Tarrant County surpasses 1,000 COVID-19 deaths as hospitalizations reach record high

COVID-19 deaths, hospitalizations and cases are rising rapidly across north Texas, and Tarrant County is seeing some of the most concerning trends.    

There have been 129 deaths reported since last Tuesday and more than 20 each day since Friday.

The county surpassed 1,000 deaths since the first fatality was reported on March 17. The 129 deaths in just seven days account for nearly 13% of the total.

Hospitalizations also increased to a daily pandemic high of 958.

Health officials say part of the increase is due to Thanksgiving gatherings, but it’s also the continued social gatherings amongst friends.

The rising number of cases is pushing hospitals towards their limits.

Tarrant County reporting 22 COVID deaths on Monday, marking its fourth consecutive day of more than 20 deaths.

The overall death toll in Tarrant county pushed past 1,000 on Monday to 1,014. And 1 in 5 hospital beds in Tarrant County is currently being used by a COVID patient.

Dr. Veer Vithalani works in the ER at both John Peter Smith and Texas Health Harris Methodist Hospitals in Fort Worth.

“There’s only so much space in the hospital. There’s only so many staff to take care of you when you’re in the hospital,” he said.

To make up for the lack of staffing North Texas hospitals have contacted traveling medical staff, and the state has provided medical resources.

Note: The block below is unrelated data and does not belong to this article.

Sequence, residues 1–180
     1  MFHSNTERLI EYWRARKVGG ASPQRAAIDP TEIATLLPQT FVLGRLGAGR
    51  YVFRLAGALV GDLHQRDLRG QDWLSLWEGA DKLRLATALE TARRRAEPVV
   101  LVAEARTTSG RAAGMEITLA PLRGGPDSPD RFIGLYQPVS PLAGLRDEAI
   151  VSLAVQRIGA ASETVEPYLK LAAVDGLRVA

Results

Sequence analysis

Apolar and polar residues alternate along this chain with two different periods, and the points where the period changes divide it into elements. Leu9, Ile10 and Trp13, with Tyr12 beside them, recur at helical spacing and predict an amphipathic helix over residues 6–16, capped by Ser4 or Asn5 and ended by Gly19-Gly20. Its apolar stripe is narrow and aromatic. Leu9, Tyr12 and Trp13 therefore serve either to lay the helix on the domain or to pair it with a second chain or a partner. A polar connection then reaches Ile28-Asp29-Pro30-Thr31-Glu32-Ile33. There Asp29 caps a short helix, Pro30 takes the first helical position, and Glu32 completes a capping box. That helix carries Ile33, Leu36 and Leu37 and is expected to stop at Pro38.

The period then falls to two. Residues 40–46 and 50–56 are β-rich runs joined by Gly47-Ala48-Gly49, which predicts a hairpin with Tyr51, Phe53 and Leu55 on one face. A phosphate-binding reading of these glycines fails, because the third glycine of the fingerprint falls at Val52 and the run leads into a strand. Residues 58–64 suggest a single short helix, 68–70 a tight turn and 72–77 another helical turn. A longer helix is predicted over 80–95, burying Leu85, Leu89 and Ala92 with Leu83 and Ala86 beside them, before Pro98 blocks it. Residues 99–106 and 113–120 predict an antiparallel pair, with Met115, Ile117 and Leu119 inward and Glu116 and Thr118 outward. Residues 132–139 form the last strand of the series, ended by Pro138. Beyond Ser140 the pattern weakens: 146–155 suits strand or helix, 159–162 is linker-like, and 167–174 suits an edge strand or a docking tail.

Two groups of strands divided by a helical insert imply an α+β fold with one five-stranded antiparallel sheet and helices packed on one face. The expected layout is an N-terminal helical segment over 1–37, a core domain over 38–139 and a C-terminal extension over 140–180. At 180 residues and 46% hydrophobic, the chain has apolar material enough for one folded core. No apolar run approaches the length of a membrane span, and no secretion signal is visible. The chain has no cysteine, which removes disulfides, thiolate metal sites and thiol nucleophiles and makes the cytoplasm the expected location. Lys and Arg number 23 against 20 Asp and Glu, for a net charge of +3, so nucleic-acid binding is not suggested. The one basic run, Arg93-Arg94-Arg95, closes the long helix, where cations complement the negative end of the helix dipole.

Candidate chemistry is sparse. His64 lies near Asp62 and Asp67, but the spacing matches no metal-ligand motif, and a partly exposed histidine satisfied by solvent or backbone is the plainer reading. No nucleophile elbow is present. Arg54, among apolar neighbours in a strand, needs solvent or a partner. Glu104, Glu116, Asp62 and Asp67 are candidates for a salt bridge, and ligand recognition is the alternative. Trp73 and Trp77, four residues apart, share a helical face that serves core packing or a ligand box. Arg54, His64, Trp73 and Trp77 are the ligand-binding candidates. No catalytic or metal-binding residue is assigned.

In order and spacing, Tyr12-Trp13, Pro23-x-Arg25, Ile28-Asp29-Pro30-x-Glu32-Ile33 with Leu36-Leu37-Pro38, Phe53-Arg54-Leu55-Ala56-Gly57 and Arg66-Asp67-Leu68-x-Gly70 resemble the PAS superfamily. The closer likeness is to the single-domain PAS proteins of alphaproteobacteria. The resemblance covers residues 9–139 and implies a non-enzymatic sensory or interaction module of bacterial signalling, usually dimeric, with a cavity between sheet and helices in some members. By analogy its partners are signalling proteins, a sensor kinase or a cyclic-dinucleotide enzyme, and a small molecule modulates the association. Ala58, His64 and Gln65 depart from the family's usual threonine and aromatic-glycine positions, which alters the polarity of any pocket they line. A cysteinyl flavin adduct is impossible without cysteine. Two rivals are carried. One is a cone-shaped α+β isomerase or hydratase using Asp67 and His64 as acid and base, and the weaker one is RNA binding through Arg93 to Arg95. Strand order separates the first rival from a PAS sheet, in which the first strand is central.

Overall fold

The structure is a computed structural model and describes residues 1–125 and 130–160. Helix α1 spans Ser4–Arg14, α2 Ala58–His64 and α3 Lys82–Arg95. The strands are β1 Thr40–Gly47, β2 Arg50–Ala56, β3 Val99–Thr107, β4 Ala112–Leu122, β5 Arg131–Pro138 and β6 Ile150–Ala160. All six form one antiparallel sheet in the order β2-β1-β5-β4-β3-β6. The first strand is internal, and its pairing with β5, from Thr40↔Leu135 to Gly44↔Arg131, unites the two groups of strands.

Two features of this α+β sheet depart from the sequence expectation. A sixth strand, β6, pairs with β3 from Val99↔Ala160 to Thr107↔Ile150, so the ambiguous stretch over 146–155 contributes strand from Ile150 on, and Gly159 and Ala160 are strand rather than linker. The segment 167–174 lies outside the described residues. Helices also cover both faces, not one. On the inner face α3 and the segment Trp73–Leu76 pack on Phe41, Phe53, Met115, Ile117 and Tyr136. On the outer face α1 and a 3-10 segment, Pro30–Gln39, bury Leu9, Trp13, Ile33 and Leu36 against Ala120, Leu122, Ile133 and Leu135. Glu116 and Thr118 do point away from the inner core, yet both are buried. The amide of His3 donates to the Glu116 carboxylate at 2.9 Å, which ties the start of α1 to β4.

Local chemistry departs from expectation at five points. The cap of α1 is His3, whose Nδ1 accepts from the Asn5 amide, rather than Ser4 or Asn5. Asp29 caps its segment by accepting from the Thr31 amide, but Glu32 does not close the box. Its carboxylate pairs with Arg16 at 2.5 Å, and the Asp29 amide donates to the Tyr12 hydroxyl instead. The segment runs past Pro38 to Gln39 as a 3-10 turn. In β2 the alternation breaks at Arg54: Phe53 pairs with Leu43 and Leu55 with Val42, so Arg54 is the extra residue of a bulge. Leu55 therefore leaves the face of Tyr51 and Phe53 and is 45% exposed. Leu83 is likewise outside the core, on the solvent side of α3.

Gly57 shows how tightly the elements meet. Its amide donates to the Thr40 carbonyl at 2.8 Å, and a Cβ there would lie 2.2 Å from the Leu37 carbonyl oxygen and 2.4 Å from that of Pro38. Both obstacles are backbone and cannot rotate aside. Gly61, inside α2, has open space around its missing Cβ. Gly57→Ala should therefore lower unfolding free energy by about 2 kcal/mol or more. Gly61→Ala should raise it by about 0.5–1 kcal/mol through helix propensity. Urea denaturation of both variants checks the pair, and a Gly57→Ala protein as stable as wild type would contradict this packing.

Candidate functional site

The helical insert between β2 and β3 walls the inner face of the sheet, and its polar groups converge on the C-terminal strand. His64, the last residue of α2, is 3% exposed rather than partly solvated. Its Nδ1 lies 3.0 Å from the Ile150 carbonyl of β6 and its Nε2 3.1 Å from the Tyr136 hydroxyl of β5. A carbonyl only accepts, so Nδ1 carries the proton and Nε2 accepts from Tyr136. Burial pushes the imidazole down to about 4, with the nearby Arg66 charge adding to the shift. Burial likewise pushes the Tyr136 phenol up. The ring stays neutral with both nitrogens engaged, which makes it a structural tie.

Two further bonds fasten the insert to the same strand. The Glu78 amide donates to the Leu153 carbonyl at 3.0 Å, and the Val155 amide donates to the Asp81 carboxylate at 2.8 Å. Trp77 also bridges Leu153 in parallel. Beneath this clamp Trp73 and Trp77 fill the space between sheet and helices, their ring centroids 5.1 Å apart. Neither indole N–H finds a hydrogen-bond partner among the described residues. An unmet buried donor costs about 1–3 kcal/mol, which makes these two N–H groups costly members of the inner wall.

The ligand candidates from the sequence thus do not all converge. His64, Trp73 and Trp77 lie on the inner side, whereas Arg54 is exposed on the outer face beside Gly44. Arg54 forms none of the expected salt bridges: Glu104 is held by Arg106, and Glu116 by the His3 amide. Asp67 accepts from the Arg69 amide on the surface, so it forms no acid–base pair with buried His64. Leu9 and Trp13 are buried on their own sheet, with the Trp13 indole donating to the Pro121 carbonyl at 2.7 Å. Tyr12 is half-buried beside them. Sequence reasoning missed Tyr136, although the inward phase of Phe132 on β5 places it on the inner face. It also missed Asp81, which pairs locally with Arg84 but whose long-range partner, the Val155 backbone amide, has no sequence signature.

“If we reach a point where the hospitals are overflowing with patients, then the diseases or processes that would normally be handled really easily may end up getting worse because of the fact that there’s not enough space in a hospital,” Dr. Vithalani said.

Cook Children’s Hospital on Monday reported it saw its highest positive case count of the pandemic last week with 492 COVID cases in seven days. There are currently 17 pediatric COVID patients there.

Texas Health receives its first doses of vaccine on Tuesday with more expected in North Texas as the week progresses. Those vaccines will go toward protecting healthcare staff.

Tarrant County Judge Glen Whitley warns families against COVID fatigue.

“The vaccines are arriving this week. We’re excited about that, but we can’t let our guard down,” he said. “If you’re getting together with your family, instead of just wearing the masks outside, wear the masks inside too.”

Dr. Vithalani says while just knowing a vaccine is on the way gives healthcare workers a morsel of hope, he and his colleagues are still worried, looking ahead to Christmas.

“I think we are reaching, hopefully what looks like the endpoint here,” he said. “But the important thing is until we can get the majority of the country vaccinated, until we can achieve herd immunity through vaccination, we still need to be careful.”

While the state has contracted healthcare workers, Dr. Vithalani says there are only so many licensed in the state. He worries that eventually there may not be enough nurses to continue to give patients the care and attention they need.